New Orleans, Louisiana
June 26, 2016
June 26, 2016
August 28, 2016
Diversity and NSF Grantees Poster Session
In 2002, an NSF sponsored (# 0123146) S-STEM academic scholarship program for upper division engineering and computer science (designated as ENGR) students materialized at Arizona State University with about half of the students being transfer students. This directed attention to the need for more support for potential and actual transfer ENGR students. After working with six local Community Colleges (CCs) for several years (2003-2007), in 2008 the authors began working with three non-metropolitan CCs. This program grew to five nonmetropolitan CCs and was supported by an NSF STEP grant (#0856834). This program worked in partnership with the Academic Scholarship and Professional Development Program which had been established through NSF S-STEM grants. During this past year we have added four additional CCs, all HSIs, to our program through a supplement to an NSF S-STEM grant (#1060226). The authors describe the highlights on this ongoing program and the primary lessons learned both in the administration of such a program and in working with CC students. Included are main research results obtained through focus groups and surveys. These findings are noteworthy because scholarship students in this program are graduated at a 95% rate and 50% of them continue right on to graduate school. These rates are much higher than the usual 70% graduate rate for upper division transfer students and the less than 15% who go right on to graduate school. Sustainability is also addressed, including how the academic and professional development course is now offered to all transfer students through the Dean’s Office. Future plans for the program as the grant monies come to a close are addressed.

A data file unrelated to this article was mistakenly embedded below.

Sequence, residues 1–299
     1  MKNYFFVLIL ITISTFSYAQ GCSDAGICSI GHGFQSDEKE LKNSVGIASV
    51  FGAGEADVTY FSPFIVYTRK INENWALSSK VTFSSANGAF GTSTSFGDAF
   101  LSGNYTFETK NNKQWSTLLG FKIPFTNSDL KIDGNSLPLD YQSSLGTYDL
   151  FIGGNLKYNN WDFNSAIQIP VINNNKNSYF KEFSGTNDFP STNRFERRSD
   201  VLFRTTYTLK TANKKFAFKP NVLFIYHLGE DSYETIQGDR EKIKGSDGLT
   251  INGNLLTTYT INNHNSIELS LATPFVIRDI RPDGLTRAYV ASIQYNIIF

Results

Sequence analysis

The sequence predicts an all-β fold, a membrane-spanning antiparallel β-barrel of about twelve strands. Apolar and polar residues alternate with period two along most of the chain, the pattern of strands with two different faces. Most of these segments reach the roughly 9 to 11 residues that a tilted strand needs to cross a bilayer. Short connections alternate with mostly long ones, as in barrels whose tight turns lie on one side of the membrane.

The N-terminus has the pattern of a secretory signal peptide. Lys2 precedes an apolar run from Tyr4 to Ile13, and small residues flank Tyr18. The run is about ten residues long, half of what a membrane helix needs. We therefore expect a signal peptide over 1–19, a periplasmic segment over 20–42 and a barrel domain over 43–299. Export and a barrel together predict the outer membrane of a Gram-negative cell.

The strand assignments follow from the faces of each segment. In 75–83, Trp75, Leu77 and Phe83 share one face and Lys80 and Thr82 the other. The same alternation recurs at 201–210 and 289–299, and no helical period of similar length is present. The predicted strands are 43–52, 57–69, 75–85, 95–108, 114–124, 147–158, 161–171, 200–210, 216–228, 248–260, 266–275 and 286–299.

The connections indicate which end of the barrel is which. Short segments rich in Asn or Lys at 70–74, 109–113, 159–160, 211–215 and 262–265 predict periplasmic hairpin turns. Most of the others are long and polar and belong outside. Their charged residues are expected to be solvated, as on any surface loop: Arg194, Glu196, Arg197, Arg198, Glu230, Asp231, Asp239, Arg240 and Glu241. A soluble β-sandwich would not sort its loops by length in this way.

Anderson-Rowland, M. R., & Rodriguez, A. A. (2016, June), Highlights of Over a Decade of University/Community College Partnerships Paper presented at 2016 ASEE Annual Conference & Exposition, New Orleans, Louisiana. 10.18260/p.25458
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